Women played a similar role in the Second World War as in the First, but on a grander scale. In all, around 350,000 women served in the armed forces in non-combat roles, and their service proved invaluable. Women, however, became more famous for their work on the homefront. During the war, the percentage of women in the workforce numbered 6 million and increased from 27% to 37% of the domestic labor force. They worked in the manufacturing sectors, industrial plants, aircraft and even tank facilities building planes and war machines for the war effort. So iconic was their role, that the promotional symbol of 'Rosie the Riveter' was popularized to recruit female workers. Women also helped promote bonds drives for fundraising and 'victory gardens' in which the government encouraged private gardens to lessen the pressure of corporate farms in feeding the troops. To assist women with juggling work and child-rearing, the government funded the creation of over 3,000 daycare centers.
In some respects, the public role of women stalled in the decade after the war. Some were cut by their employers, ousted by unions, but others returned home to care for children in the infamous baby boom. A notable achievement though was the former presidential wife, Eleanor Roosevelt's appointment as the Chair of the United Nations Committee on Human Rights which was a highly visible role. The 1960s counter-cultural movement saw the rise of the 'sexual revolution' which challenged traditional social mores on sex and marriage. In general, the decade was characterized by an expansion of civil rights and anti-discrimination laws directed at the eradication of gender and racial discrimination. Betty Friedan thought that progress was too slow and wrote the path-breaking The Feminist Mystique (1963) as a call-to-arms for women for the women's liberation movement. In 1966, she was part of a group of 28 women who founded the National Organization of Women - or NOW - to provide institutional support to women.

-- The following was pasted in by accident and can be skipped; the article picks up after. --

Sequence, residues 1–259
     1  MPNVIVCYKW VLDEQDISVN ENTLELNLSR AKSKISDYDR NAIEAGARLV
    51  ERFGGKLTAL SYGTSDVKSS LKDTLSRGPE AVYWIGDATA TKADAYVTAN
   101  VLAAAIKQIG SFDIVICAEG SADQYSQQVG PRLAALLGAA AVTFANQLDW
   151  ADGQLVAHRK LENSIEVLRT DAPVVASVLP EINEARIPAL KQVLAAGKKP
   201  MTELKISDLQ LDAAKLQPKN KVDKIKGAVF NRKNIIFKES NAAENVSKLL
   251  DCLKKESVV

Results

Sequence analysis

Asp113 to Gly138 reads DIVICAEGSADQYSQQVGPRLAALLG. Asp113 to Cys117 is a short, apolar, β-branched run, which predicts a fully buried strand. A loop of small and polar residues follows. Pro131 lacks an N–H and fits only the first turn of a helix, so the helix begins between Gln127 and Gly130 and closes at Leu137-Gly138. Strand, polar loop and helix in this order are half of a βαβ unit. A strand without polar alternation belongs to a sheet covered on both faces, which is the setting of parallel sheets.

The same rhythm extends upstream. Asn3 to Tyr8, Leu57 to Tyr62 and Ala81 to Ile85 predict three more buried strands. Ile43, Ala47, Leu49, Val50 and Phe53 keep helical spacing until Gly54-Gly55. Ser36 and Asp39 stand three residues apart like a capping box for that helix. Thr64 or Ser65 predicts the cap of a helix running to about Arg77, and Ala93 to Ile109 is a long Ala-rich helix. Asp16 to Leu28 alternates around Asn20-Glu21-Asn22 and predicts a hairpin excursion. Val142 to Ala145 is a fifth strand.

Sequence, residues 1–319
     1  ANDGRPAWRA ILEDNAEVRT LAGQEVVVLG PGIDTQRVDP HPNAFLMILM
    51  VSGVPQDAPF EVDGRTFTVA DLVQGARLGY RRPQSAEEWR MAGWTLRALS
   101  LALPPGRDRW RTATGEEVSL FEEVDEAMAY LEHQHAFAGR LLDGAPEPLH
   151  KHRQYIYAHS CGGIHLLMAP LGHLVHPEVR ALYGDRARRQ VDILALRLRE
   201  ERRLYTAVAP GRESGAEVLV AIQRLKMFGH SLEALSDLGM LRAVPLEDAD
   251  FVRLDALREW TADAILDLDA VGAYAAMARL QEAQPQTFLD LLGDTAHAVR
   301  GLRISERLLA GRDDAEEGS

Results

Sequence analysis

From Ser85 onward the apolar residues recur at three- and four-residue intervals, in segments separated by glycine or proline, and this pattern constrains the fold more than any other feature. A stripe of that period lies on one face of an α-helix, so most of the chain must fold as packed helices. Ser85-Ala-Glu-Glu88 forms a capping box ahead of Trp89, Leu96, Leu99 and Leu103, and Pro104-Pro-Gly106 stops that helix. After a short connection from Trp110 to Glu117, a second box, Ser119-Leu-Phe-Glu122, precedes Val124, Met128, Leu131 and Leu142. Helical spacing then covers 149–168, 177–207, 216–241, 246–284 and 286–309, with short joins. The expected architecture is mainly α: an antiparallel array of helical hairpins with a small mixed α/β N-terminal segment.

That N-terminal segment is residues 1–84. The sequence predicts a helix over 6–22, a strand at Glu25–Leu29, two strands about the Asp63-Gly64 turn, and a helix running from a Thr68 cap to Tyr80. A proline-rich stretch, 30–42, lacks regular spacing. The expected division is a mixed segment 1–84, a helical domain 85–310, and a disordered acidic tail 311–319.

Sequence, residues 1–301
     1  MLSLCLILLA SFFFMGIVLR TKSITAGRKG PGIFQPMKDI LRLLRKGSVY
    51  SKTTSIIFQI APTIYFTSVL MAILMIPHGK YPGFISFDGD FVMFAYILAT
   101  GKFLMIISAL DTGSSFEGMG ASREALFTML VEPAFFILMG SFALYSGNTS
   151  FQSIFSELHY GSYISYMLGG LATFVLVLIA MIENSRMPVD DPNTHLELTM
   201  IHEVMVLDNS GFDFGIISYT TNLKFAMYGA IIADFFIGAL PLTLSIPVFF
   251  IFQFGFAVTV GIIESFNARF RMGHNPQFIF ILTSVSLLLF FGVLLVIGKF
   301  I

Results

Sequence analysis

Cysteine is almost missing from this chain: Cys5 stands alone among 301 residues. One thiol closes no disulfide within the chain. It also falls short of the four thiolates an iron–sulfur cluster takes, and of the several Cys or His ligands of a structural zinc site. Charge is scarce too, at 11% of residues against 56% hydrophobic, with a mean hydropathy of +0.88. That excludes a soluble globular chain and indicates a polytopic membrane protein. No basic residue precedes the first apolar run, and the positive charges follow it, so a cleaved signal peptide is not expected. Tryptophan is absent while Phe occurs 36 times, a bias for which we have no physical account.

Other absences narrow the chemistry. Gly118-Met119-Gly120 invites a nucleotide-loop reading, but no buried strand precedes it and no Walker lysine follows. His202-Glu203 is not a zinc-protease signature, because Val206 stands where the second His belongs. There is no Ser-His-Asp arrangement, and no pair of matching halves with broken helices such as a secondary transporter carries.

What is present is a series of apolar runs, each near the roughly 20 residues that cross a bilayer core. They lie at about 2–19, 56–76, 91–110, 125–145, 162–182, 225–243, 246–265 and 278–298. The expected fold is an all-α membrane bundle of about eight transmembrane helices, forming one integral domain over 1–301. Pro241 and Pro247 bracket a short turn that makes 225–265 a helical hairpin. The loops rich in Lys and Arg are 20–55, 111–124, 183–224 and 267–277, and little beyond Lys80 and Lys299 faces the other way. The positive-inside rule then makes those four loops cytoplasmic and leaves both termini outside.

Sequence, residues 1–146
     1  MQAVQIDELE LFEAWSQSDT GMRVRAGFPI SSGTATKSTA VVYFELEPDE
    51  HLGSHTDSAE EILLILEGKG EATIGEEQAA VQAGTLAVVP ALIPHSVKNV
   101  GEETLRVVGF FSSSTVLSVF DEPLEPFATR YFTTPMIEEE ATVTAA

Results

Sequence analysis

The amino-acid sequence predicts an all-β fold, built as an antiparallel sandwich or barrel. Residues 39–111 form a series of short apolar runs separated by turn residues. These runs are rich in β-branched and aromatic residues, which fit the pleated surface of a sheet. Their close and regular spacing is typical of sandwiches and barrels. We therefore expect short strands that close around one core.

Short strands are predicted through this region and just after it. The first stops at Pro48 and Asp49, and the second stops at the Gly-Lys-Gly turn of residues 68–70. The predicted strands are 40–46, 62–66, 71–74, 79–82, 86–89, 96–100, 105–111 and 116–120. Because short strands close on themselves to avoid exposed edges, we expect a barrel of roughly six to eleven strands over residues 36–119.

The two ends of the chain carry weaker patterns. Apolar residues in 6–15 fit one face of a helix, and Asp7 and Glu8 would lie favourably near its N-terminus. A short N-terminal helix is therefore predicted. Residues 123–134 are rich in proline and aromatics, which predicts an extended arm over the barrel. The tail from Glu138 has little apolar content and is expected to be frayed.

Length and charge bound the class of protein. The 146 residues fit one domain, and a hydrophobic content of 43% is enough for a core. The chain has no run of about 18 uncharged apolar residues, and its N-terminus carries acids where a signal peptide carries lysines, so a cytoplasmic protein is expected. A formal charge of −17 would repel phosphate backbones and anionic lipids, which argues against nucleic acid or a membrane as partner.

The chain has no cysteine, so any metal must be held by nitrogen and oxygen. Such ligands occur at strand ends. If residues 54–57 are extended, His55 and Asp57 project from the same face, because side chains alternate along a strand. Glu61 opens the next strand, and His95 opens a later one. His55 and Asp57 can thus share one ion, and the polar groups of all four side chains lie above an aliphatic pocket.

The White House and Supreme Court
Changes were certainly afoot in the highest corridors of powers in the nation's capital. History was made in the Reagan administration, as Sandra Day O'Connor became the first female member of the Supreme Court. During the Clinton administration, Madeleine Albright became the first female Secretary of State and under George W. Bush administration, Condoleezza Rice became the first female National Security Advisor and later the first female African-American Secretary of State.
The First and Second World Wars proved a springboard in creating a greater public role for women in America. In WWI, women worked in several frontline roles such as refugee work, food distribution, journalists, drivers, entertainers, and as 'Hello Girls.' In WWII, women played similar roles, but on a greater scale in both the domestic and foreign sector as women workers were necessary to fill in the labor gap left by departing men for the warfront. Between the wars, women achieved the right to vote with the 19th Amendment, and Francis Perkins was appointed as Secretary of Labor. In the first decade after the war, women's' advancement stalled a bit, but picked up steam in the 1960s and beyond. Key examples include Eleanor Roosevelt as Chair of the Committee on Human Rights, Betty Friedan's, The Feminist Mystique, (1963), the appointment of Sandra Day O'Connor as the first woman on the Supreme Court, the appointment of Madeline Albright as the first Secretary of State, and an all-around heightened presence in the workforce outside the home.